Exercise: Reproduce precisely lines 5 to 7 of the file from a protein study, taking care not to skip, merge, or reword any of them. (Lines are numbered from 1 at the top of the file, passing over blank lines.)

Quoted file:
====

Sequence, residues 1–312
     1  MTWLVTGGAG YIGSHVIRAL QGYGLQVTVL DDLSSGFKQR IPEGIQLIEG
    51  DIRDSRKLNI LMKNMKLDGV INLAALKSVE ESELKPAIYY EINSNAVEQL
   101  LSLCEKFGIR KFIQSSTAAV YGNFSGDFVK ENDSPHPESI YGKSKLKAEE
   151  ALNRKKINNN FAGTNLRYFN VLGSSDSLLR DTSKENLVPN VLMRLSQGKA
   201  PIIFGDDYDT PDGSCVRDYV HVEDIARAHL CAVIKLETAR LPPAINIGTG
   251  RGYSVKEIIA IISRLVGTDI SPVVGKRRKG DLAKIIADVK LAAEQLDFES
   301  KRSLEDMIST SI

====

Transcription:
   151  ALNRKKINNN FAGTNLRYFN VLGSSDSLLR DTSKENLVPN VLMRLSQGKA
   201  PIIFGDDYDT PDGSCVRDYV HVEDIARAHL CAVIKLETAR LPPAINIGTG
   251  RGYSVKEIIA IISRLVGTDI SPVVGKRRKG DLAKIIADVK LAAEQLDFES